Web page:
"We are not planning to let anyone in anymore. More than 18,000 South Ossetian refugees, who live in Georgia, fled and are now in North Ossetia. We need them to return to South Ossetia," Eduard Kokoity said in an interview with Kommersant daily.
Kokoity and the Abkhazian President Sergei Bagapsh signed a peace plan in Moscow at a meeting with the Russian president earlier Thursday. The French-brokered peace agreement, approved by Russia and Georgia Tuesday, requires an immediate ceasefire and troop withdrawal.
Kokoity also said that when Georgia launched its military offensive on South Ossetia practically all Georgian civilians had left their villages in South Ossetia and any remaining civilians were allowed to leave through a humanitarian corridor.
Kokoity said most of the villages, where Georgians lived prior to the conflict, "had been virtually flattened."
"Should we let them return so they can shoot us in the back again and humiliate our people? The president said, adding that a South Ossetian border had been established.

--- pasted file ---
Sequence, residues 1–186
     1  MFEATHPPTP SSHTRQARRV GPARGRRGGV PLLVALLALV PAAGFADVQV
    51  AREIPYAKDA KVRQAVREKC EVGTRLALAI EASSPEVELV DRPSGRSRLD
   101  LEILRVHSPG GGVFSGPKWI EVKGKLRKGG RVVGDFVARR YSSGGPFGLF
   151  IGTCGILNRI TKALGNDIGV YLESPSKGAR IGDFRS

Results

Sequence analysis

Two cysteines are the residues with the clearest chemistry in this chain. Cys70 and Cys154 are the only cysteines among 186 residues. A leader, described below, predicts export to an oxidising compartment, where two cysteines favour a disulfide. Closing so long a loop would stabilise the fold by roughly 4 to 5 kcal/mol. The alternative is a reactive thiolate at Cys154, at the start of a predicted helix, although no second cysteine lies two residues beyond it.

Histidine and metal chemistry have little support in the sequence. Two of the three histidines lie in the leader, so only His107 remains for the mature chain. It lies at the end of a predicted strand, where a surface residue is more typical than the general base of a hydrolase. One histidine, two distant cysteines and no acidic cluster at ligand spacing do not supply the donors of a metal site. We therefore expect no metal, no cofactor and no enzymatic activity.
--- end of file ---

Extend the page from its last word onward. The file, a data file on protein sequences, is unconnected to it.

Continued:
Asked about allegations of looting of Georgian villages Kokoity said "It is a consequence of any war, any aggression. We are treating all cases severely."
Earlier Kokoity said during a press conference with the Abkhaz leader in Moscow that no Georgian peacekeepers or international observers would be allowed in South Ossetia.
"Only Russian peacekeepers will be allowed in South Ossetia and Abkhazia," he said. "There will be no Georgian peacekeepers on South Ossetian territory."
As a result of Georgia's military offensive, South Ossetia's capital, Tskhinvali, was mostly destroyed. According to Russian figures, around 1,600 civilians and 18 peacekeepers were killed.
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